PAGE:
The Conservation Council is continuing to engage with the ACT Government on developing a good process for community consultation on getting to zero net greenhouse gas emissions.
All political parties in the Legislative Assembly – Liberals, Labor, Greens – support this goal. We need to take this high-level party political agreement and build genuine community engagement so that we reduce our greenhouse emissions in a fair, shared, fast and effective manner with people understanding how and why steps will be taken.
There should be a place for community organisations – like the Conservation Council and many others such as ACT Council of Social Services, Unions ACT and the Canberra Business Chamber – to be involved in developing and obtaining community engaagement on measures.
Minister Rattenbury has established the Climate Change Ministerial Advisory Group (CCMAG) to meet for the first time 16 November. The Minister’s invitation says:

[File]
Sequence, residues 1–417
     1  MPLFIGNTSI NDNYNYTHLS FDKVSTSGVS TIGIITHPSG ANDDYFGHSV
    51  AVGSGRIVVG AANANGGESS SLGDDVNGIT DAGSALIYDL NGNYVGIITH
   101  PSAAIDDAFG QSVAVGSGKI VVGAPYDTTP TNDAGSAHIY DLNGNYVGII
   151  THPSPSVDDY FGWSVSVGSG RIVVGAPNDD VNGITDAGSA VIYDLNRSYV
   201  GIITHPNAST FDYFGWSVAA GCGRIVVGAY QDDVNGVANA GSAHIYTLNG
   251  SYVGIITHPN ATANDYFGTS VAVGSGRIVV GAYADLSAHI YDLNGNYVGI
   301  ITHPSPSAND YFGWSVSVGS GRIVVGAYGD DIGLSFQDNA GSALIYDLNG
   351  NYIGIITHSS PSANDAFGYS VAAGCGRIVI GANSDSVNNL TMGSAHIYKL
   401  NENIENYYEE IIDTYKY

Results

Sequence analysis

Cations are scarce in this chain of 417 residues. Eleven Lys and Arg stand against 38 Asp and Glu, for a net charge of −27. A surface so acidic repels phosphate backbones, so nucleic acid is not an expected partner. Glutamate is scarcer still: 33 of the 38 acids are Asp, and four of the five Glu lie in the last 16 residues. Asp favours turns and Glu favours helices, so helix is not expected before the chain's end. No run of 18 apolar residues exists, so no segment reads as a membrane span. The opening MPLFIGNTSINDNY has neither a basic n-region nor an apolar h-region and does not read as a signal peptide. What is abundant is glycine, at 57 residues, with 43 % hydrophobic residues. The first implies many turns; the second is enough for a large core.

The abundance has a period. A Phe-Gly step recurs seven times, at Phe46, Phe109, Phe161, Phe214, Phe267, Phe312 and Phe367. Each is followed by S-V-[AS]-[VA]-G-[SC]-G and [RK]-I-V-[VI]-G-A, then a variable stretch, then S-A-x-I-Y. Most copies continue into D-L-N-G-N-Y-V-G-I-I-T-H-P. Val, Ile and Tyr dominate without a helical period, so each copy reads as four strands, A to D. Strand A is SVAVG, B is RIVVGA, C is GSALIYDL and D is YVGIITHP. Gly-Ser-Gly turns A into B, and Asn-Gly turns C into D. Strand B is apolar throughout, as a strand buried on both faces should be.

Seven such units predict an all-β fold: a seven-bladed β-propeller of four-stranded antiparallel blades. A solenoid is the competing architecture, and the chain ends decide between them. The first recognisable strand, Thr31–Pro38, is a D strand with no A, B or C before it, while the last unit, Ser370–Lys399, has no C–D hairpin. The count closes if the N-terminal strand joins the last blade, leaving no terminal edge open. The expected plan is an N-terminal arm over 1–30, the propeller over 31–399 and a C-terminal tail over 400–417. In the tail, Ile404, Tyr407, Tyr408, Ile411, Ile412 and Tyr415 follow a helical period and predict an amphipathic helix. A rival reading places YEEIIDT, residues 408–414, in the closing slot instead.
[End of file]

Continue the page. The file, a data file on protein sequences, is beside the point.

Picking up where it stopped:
I am establishing a Climate Change Ministerial Advisory Group (CCMAG) to provide a mechanism for community organisations and businesses to provide input to me from their sectors and member groups as we develop the pathway to net zero emissions. The CCMAG will also be an avenue for communication from Government through CCMAG members to their respective organisations.
The Minister’s intentions seem good – it will be interesting to see how officials react. The ACT Government has already obtained consultants’ reports on emissions from various sectors and is preparing a discussion paper without broad community engagement.
The ACT Government is also seeking economic modelling on emissions reduction options to help develop a new climate change strategy and action plan to 2050. The Conservation Council has provided feedback that one useful approach might be a model where measures would be assessed for the amount of emissions that would be obtained against the overall cost of the measure as in this example for Australia as a whole.
Developing a similar model for Canberra to take account of our main greenhouse gas emissions would allow different measures to be compared and then also be considered for their fairness, likelihood of uptake and overall benefit.